Today we'd like you to meet Greg Koorhan, a recent graduate of our training course,…
Meet Jason Daly — a recent graduate of The Art of Trailer Editing. Jason was one of our three finalists in our June 2017 Trailer Editing Contest. He created a powerful trailer cut that did a great job telling the film’s story in an interesting and compelling way.
Today he’s going to share a bit about himself his editing process.
If you haven’t had a chance to watch Jason’s trailer cut, you can check it out below:
FEP: Can you tell us a bit about yourself? Where are you from? What do you do for a living?
JD: I’m a television network manager born in New York, now living in Florida with a beautiful wife and two kids.
FEP: What got you into editing?
JD: My love for editing started when I was a kid. I loved movies and wanted to know everything about them, how they were made, what went into the illusion that I was seeing. I used to watch movies in slow motion frame by frame on my VCR. I started editing in camera as a kid then kept myself involved in the business one way or another till I was finally able to get a job doing what I love.
My love for editing started when I was a kid. I loved movies and wanted to know everything about them, how they were made, what went into the illusion that I was seeing. I used to watch movies in slow motion frame by frame on my VCR.
FEP: You did a great job editing your trailer for this contest. Let’s talk about your cut a bit. Your opening is cut very confidently using only images and sound design without relying on dialogue or narration to hold the viewer’s hand. How did you decide to begin the piece in that fashion and what other variations, if any, did you consider?
JD: After watching the movie a few times, I knew what shot I wanted to end the trailer with. Also that I wanted to open with that scene. I thought the silence itself in the first few seconds would draw in the viewer. I wanted to cut to the chase then play on the turmoil between the father and son.
FEP: Early in the piece you use a soft piano cue that plays for a bit, disappears in the middle and is brought back again towards the third act of the trailer. Tell us how you approached the music selection and editing process and why you designed the flow like you did?
JD: The piano cue stuck with me the first time I heard it. I felt it matched the psychological thriller feel I was going for. Early on in my cut I thought I wasn’t going to close with it but then felt going back to it brought back an unsettling feeling.
FEP: Starting around the :50 mark, when the piano cue stops, you employ some really interesting sound design. Talk a bit about how you built those audio accent moments and what type of sound layers you used to create them?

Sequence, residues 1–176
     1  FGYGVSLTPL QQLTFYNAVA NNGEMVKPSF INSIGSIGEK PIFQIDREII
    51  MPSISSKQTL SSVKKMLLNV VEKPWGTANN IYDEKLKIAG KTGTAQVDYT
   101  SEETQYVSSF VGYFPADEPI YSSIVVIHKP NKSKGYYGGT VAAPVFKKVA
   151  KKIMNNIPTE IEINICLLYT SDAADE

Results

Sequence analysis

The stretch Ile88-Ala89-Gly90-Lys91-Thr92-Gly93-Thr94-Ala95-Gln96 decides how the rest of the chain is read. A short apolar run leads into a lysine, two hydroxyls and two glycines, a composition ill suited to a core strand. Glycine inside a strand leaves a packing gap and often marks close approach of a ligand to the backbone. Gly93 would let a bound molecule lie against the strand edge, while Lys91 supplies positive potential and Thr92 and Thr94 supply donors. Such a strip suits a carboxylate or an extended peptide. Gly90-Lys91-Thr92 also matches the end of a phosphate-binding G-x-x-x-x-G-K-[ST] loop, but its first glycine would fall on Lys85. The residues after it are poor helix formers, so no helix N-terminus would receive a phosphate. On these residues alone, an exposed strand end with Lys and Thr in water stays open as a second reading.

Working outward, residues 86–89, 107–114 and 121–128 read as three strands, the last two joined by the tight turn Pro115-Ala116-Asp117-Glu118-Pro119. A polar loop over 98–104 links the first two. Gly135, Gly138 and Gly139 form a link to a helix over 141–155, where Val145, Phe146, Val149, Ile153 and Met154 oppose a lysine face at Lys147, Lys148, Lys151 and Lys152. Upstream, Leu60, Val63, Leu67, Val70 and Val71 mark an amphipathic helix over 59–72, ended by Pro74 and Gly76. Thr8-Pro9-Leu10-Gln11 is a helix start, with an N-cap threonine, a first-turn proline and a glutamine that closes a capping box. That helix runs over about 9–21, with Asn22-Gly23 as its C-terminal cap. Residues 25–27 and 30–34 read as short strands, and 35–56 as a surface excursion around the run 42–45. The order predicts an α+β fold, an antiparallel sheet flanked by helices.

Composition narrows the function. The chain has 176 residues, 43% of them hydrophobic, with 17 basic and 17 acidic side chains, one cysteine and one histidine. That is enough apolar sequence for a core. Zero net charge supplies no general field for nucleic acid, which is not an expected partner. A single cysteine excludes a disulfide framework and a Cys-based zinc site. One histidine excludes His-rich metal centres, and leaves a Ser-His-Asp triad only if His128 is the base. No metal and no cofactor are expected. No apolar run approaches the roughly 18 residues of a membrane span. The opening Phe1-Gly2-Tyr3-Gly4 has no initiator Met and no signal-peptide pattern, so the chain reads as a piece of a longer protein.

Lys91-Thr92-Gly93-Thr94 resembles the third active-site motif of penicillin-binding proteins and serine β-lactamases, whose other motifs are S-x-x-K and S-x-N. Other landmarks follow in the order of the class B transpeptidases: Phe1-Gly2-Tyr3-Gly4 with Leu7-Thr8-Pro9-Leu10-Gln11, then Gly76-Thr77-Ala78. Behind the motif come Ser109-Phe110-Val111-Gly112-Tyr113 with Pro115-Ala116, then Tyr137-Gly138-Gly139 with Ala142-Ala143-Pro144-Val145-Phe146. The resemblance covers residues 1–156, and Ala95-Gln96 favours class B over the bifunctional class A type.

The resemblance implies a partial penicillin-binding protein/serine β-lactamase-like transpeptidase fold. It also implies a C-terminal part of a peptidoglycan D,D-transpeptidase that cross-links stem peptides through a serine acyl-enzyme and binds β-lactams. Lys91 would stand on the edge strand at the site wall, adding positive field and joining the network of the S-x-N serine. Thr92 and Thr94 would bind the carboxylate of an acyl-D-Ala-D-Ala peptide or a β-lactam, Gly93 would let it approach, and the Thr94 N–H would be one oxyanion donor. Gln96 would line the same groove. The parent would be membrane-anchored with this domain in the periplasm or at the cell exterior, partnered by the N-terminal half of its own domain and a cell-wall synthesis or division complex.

JD: I used multiple sounds that I thought worked great together. The tricky part was trying to find sounds that leaned a little toward sci-fi but not enough to where I felt I would be lying to the audience.
FEP: Which part of the editing process did you enjoy the enjoy the most? And the least?
JD: Sound design is extremely fun to me but in general the most enjoyable part is when you figure out a problem, filling in the pieces, that is so gratifying. My least favorite part was working from my 15 inch laptop and using the track pad. Well at least I’ve gotten better at using it now!
FEP: What inspired you to enroll in The Art of Trailer Editing in the first place? How did you like it?
JD: This is my second course and I’ve enjoyed them both. I wanted to venture outside of my bubble and see what tips, tricks and workflows other editors are using — especially Hollywood editors.
This is my second course and I’ve enjoyed them both. I wanted to venture outside of my bubble and see what tips, tricks and workflows other editors are using — especially Hollywood editors.
FEP: Had you ever edited a trailer before this? What are some of the new things you learned?
JD: Yes. I did a trailer for my own film “Beware”. I’ve also done numerous television spots which doesn’t allow for as much creativity, well it’s a different kind of creativity I enjoy as well. My takeaway from both of the courses is the focus on organization and the attention to detail that they stress. The sound design tips and tricks and also any kind of thoughts on theories and methods, and why they are used, I feel are invaluable.
FEP: Is there anything else you’d like to mention about your editing process?
JD: Although I tried to follow this course to the T, I’ve learned to use markers in a similar way that sub-clips are used in this course.
FEP: Any tips or suggestions for other editors?
JD: Take breaks! Step away from the computer! I’ve come up with some of my best solutions while sitting on the toilet.
FEP: Thanks so much for taking the time to talk with us, Jason! Do you have a website or contact method you’d like to leave for people who want to get in touch with you for work or otherwise?
JD: You can find me on Facebook or LinkedIn. I’m always willing to talk shop. Thank you guys! And congrats to the other finalists and anyone who is taking the course to better their skills.
If you’re interested in learning more about The Art of Trailer Editing and possibly even entering our next contest, you can sign up below. You’ll receive 3 sample videos from the course with details on how to join.
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